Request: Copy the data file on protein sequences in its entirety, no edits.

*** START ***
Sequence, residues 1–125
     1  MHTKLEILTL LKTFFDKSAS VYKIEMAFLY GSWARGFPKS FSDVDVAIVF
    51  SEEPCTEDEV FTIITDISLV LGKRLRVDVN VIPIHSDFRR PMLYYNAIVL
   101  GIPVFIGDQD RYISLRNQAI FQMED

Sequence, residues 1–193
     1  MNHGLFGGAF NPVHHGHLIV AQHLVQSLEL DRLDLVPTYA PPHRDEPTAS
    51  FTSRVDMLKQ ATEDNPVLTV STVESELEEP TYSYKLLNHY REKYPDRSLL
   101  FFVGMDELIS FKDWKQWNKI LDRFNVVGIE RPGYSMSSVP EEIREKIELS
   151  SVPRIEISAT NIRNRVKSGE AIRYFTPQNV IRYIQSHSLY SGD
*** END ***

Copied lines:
Sequence, residues 1–125
     1  MHTKLEILTL LKTFFDKSAS VYKIEMAFLY GSWARGFPKS FSDVDVAIVF
    51  SEEPCTEDEV FTIITDISLV LGKRLRVDVN VIPIHSDFRR PMLYYNAIVL
   101  GIPVFIGDQD RYISLRNQAI FQMED

Sequence, residues 1–193
     1  MNHGLFGGAF NPVHHGHLIV AQHLVQSLEL DRLDLVPTYA PPHRDEPTAS
    51  FTSRVDMLKQ ATEDNPVLTV STVESELEEP TYSYKLLNHY REKYPDRSLL
   101  FFVGMDELIS FKDWKQWNKI LDRFNVVGIE RPGYSMSSVP EEIREKIELS
   151  SVPRIEISAT NIRNRVKSGE AIRYFTPQNV IRYIQSHSLY SGD